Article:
Georgetown University joined 18 other colleges and universities in filing an amicus brief to the Supreme Court on Oct. 7 in support of the Deferred Action for Childhood Arrivals program.
The brief highlights the contributions and perspectives that DACA recipients bring to the university’s campus and includes the stories of three Georgetown students without documentation. In filing the document, Georgetown recognized that the university itself is not a party in the lawsuit but an institution with great interest and insightful information relevant to the case.
President Donald Trump’s administration announced in September 2017 that it will be ending DACA, prompting over ten lawsuits, including those from the National Association for the Advancement of Colored People and the Regents of the University of California, arguing that the termination of the program was unlawful. On Oct. 9, Trump called upon the Supreme Court to review and rescind DACA, stating that he would work on a bipartisan deal instead if the policy is repealed by the court.
Hoyas for Immigrant Rights, a student organization that advocates for immigrant students on and off campus, is deeply concerned with the implications of overturning DACA, according to HFIR President Arisaid Gonzalez Porras (COL ’21).
“The court’s ruling will affect the future of 800,000 people and everyone surrounding them,” Gonzalez wrote in an email to The Hoya. “If the Supreme Court doesn’t uphold the lower courts’ decisions to block Trump’s attempts to kill DACA, everyone will lose their work authorization and protection from deportation.”
DACA, introduced by former President Barack Obama in 2012, provides immigrants without documentation who arrived in the country before the age of 16 with rights and protections, including eligibility for work permits and renewable protection from deportation.
The brief, signed by 19 colleges and universities, highlights that many DACA recipients are gifted and motivated students. The document also details some of the negative effects that rescinding DACA could have on society, discussing these implications by evaluating how these students will contribute to society through their aspirations and future career paths.
Georgetown student and DACA recipient Juan Jose Martinez Guevara (SFS ’20), one of the three DACA recipients included in Georgetown’s comments in the brief, elaborated on his dream to pursue a career in public service.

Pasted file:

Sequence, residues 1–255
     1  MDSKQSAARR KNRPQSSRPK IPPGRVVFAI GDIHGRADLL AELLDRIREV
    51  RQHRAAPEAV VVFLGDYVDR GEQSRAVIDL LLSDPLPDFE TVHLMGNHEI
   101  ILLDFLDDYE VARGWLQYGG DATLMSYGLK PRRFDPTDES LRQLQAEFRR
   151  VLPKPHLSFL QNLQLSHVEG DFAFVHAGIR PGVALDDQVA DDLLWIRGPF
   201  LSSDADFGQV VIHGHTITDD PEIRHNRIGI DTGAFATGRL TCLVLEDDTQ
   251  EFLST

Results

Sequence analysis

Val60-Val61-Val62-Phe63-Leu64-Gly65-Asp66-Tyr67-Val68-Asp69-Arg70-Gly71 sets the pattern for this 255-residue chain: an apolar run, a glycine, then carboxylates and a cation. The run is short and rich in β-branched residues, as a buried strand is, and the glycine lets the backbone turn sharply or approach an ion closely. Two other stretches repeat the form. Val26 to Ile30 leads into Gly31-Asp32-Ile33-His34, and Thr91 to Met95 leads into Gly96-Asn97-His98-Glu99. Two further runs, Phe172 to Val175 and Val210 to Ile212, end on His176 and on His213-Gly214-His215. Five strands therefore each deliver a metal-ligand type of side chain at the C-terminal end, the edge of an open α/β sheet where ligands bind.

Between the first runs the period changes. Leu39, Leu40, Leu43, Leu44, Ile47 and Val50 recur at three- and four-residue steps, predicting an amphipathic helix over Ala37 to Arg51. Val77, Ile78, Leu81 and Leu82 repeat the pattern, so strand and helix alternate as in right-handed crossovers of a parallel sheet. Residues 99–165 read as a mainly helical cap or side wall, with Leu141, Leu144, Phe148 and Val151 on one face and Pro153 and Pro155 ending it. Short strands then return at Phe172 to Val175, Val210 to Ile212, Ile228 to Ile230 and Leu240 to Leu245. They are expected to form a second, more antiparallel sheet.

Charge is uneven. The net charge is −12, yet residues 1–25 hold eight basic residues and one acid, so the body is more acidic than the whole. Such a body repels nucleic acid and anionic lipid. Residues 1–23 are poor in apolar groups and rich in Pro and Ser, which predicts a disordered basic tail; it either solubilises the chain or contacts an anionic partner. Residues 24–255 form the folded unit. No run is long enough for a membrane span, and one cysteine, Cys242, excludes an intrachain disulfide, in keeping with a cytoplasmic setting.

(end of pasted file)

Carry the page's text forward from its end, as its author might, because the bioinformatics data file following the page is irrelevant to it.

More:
“Work for government – to help achieve what is best for America in the world and to help make the world a safer place,” Guevara wrote in the brief.
Students without documentation face anxiety and injustice in fear of a DACA repeal, scared not only for their own safety but also for that of their families, according to Gonzalez.
“DACA recipients that have not yet graduated, will not be able to enter their career field without their employment authorization,” Gonzalez wrote. “But the biggest risk of them all, is that the government has all of the information of DACA recipients, including their families. It’s being a red dot on their radar and if the program ends, what stops them from starting deportations?”
This amicus brief is not the first time Georgetown has expressed public support for the DACA program and its recipients. In October 2017, University President John J. DeGioia (CAS ’79, GRD ’95) and other university presidents urged Congress to pass the Dream Act, legislation that would grant residency status to many minors who are currently part of DACA.
While the future of DACA is uncertain, Georgetown officials strive to protect the safety of students without documentation on campus. The university released a statement supporting students without documentation in June 2019, highlighting available campus resources.
Georgetown will continue making resources available to students without documentation at the university, according to Arelis Palacios, associate director for undocumented student services.
“Whether it be free legal services through our partnership with Catholic Charities Immigration Legal Services or on-campus advising, we remain fully dedicated to supporting our undocumented students and the unique challenges they face,” Palacios wrote in an email to The Hoya.